“What’s an album, anyways” Chicago emcee and rising star Chance The Rapper recently told Rolling Stone magazine. It had me thinking, why do emcees care less about making an album as much as hip hop artists of the past used to? Has the music business and culture changed so much that releasing a free mix tape with no immediate monetary reward has become more gratifying than releasing a full length album that could possibly sell millions? But before we answer that question, let us return to what exactly an album is? Surely we all know right? It’s the shit people download off torrent sites or from blogs, and then pretend to have bought then get upset that people aren’t supporting the culture or the artist. Correct me if I’m wrong, you know I’m right.
The album itself besides its obvious dimensions and physical interpretation of either a compact disc, tape (yes, some tapes are still being distributed), or digital mp3 is supposed to be the thing that blows your audience away. Think of this way, you’re watching a magician and he does the old but still effective rabbit in a hat trick, but then follows that up by chopping the assistant up in to a thousand pieces only for the assistant to casually walk on stage seconds later. Yeah, the album is supposed to be the “wow” factor, the moment for an artist’s career that is both defining and everlasting. Since the mixtape concept has substituted the album’s moment of “ah-ha” and artists are delivering their best stuff for free, the album’s presentation has hit rock bottom.
The argument these days to not releasing a LP is why would an artist sign a deal with a major or indie and go through all the paper work of releasing a piece of work you’re not in love with? How often have we heard artists drop an album then bitch that the material is “what the label wanted?” I see you Lupe. It’s far easier to go in the basement, knock down 15 tracks, sample freely, no strings attached, upload to datpiff, and click submit, sit back and admire the download count number. I get it. If I could microwave a career in brain study, I would do it too! The mix tape game is like rap for dummies, no diss. The mix tape game is as oversaturated as twerking videos on World Star. But as much as mix tapes are the “in” thing to do towards generating a buzz, the album, the barcode, and the packaging is still a necessary step to achieving long term success and career sustainability.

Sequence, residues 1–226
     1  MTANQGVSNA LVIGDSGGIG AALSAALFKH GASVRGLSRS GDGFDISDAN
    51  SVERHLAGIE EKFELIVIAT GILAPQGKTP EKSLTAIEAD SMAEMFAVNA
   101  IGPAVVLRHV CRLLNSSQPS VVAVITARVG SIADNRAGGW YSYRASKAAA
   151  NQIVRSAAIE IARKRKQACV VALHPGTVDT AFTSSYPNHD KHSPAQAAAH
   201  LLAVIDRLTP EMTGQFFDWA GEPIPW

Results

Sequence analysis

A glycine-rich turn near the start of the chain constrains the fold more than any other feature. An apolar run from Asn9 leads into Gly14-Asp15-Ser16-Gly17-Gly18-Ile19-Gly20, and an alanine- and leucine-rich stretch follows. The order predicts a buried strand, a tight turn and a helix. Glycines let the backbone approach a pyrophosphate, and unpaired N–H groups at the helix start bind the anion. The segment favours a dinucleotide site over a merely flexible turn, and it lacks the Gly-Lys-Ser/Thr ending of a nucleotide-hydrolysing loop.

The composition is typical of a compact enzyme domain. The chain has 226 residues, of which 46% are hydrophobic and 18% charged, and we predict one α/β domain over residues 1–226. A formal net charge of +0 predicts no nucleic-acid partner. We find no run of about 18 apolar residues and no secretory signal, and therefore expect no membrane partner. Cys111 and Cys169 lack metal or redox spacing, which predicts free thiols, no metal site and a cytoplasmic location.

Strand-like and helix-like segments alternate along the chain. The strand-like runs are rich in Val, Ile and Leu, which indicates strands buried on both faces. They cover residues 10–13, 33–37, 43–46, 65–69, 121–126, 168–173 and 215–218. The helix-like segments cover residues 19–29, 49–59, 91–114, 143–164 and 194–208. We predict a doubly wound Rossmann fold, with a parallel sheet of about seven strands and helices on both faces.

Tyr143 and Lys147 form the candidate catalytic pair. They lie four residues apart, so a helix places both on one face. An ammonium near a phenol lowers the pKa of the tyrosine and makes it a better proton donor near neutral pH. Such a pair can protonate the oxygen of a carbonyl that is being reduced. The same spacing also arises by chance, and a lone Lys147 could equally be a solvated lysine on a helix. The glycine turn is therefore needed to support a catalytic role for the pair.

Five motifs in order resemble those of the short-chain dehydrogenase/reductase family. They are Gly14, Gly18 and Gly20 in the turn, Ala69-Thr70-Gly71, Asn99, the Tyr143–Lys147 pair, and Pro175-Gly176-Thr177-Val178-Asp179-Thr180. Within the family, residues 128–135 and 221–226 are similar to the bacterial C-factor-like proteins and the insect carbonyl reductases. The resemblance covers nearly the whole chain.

Chance The Rapper’s latest, Acid Rap made huge headlines this year after its release, rightfully so by the way, and it was called a mix tape. If you listen to Acid Rap, it sounds like an album, and could be considered an album if a barcode was slapped on the back and sold at Target. Actually somebody smart enough did put a barcode on it, but failed to let Chance know about. I think Chance and many hip hop artists have what a mix tape and album is so fucked up, the confusion leads to ignorance. The mix tape was and always should be the appetizer before the album or what you might call the main dish, you sample what the restaurant has to offer then decide if you want to ball out on the lobster. The hip-hop artist of today is giving the lobster away at appetizer prices.
The album has to have value, it’s the piece of work that has been fine-tuned and delicately crafted for long term listening and mass appeal. That is what an album is Chance. It’s your story, your life, your vision carefully priced at $9.99 at iTunes and illegally downloaded by millions of people who swear they bought it, but it’s the fucking album! Mixtapes are remembered but they’re also stored on external hard drives across the world never to be listened to again, the album? Oh that shit is going to get played again, again and again if it’s good enough of course. That sir is what an album is and its importance to a career, especially a young one like yours. Acid rap was packaged as a free, disposable mix tape, and that’s too bad, because it would’ve made for a great album. Too bad Chance just didn’t know.
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